Hello and welcome to RP. Those were the headlines, now the news in full, read by Alena Skodova:
At an emergency meeting on Saturday, the Czech cabinet expressed its unified stand supporting the North Atlantic Council's view of the situation in Kosovo, Foreign Minister Jan Kavan informed the CTK news agency after the meeting. The cabinet met at the request of minister Kavan, who will attend the North Atlantic Council's session in Brussels on Monday. He intends to present his cabinet's joint stand to the Council, which is expected to issue a statement, agreed upon by representatives of the 19 NATO countries' governments.
In an interview for Saturday's issue of Pravo, Foreign minister Jan Kavan rejected the idea of Czech army units participating in a possible NATO ground operation in Yugoslavia. "In any case I'm strongly opposed to Czech units' participation in such an action, " minister Kavan told the daily, adding that he assumes the Czech Republic will not even be asked to send its ground forces to Yugoslavia. "I believe," said Kavan, "that a solution will be found which will not involve NATO ground operation in Yugoslavia against that country's will, which would in fact mean a classic war." Kavan went on to say he would endorse the idea of Czech soldiers being sent to the area to help protect Kosovo refugees. Kavan's opinion on this matter is backed by vice-premier Egon Lansky and Defence minister Vladimir Vetchy.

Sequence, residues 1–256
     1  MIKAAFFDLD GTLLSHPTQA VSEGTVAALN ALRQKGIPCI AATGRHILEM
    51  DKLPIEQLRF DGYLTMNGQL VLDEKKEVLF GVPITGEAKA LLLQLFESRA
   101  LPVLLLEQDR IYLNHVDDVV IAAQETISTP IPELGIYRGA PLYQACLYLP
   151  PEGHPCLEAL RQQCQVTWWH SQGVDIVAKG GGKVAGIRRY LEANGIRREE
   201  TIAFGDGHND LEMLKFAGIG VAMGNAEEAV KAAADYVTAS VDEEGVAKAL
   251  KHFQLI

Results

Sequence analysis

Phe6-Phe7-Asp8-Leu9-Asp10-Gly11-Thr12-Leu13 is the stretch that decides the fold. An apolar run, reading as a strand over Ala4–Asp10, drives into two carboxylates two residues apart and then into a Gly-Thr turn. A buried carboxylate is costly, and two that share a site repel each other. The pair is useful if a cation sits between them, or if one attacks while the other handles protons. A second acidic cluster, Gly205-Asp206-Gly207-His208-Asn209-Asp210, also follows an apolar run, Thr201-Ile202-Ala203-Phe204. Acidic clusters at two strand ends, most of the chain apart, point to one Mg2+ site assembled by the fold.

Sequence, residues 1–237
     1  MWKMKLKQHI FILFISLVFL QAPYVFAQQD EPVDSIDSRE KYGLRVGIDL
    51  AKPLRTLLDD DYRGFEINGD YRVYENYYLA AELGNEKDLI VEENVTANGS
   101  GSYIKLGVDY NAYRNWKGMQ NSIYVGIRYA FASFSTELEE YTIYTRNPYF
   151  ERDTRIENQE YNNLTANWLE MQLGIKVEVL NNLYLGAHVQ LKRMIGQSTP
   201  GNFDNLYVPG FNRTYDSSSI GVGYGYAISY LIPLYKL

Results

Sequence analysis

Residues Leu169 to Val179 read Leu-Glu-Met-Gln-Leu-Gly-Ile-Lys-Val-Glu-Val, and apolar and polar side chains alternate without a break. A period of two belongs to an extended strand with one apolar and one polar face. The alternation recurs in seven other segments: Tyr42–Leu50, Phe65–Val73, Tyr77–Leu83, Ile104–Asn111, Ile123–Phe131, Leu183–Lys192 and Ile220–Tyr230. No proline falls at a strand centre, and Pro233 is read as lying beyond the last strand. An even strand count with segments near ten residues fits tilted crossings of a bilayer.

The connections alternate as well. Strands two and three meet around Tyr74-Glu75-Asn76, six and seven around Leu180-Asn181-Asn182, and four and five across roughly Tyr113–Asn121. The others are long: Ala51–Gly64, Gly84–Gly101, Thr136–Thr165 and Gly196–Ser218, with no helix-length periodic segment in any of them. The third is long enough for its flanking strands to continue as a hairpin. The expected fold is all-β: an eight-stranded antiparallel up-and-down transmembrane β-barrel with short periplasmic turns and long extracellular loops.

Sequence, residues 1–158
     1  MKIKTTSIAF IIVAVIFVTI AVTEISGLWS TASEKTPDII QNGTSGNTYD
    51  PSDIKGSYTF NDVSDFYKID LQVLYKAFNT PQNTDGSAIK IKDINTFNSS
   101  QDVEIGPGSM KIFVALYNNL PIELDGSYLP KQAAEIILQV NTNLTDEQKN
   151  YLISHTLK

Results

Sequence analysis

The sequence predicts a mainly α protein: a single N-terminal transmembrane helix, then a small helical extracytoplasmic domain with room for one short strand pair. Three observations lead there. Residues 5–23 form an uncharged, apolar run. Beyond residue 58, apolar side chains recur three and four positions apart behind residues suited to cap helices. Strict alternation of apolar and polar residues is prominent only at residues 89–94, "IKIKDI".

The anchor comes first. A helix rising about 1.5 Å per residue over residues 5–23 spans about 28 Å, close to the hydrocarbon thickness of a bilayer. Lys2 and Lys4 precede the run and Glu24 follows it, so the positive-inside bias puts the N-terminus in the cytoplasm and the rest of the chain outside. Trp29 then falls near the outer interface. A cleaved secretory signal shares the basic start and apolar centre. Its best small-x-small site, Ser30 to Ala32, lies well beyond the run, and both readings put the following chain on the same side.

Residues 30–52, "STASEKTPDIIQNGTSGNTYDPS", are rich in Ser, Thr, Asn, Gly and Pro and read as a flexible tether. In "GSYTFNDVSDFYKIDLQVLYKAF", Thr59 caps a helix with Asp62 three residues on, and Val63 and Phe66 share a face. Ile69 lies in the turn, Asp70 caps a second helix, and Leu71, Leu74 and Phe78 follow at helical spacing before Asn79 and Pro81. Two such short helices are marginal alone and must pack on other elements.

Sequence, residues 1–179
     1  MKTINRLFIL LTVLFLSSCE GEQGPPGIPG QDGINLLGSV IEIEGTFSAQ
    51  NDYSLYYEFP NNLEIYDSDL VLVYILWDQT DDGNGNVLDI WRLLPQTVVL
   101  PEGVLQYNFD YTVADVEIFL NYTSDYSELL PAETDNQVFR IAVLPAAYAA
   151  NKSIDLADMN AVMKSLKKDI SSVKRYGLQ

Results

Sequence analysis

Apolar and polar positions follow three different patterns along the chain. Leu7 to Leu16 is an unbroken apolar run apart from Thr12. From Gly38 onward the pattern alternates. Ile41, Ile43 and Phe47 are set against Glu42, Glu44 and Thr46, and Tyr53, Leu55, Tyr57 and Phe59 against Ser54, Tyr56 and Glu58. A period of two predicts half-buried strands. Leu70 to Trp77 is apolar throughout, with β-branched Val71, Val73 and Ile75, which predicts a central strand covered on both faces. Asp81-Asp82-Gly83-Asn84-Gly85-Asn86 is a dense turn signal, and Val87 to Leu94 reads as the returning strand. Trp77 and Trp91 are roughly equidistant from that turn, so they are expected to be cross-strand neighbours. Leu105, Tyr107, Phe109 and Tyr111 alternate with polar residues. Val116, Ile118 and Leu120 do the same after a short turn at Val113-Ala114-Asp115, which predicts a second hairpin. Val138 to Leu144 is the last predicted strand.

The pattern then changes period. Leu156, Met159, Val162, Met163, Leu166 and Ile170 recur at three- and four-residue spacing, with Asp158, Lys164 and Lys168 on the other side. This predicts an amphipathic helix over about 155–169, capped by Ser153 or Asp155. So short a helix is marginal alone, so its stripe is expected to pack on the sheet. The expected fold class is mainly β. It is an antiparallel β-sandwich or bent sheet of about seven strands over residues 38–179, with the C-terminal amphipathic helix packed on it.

Controversy has continued over remarks made by Lower House Speaker, opposition leader Vaclav Klaus, who suggested the refugee crisis in the Balkans was sparked by NATO bombing. In an open letter, sent to the CTK news agency, Klaus's advisor, Ladislav Jakl says that Klaus's words were not meant as an expression of heartlessness towards the victims of the crisis and described Klaus's idea as a legitimate contemplation. Deputy Vladimir Mlynar from the opposition Freedom Union party has announced that his party's MPs will initiate a motion next week, distancing parliament from Klaus's remarks.
The 29th nation-wide congress of the Czech Social democratic party continued in Prague on Saturday. In the morning it was addressed by the Socialist International's General Secretary Luis Ayala, who said that in the struggle between "the indifferent and the committed", the Social democratic parties must show unequivocal support for the victims in Kosovo and all people in the region, whose human rights are being violated. "That is our strength, that is the strength of Social democracy against Milosevic's autocracy," Ayala told the congress in Prague. The congress was also addressed by chairman of the Czech- Moravian Trade Union Confederatioon, Richard Falbr, who praised the work the incumbent Social democrat government has been doing. As a member of the Constitutional-legislative committee of the Czech Senate, Mr.Falbr appreciated the fact that the work on new laws has substantially improved since the Social democrat cabinet of premier Milos Zeman was in office.
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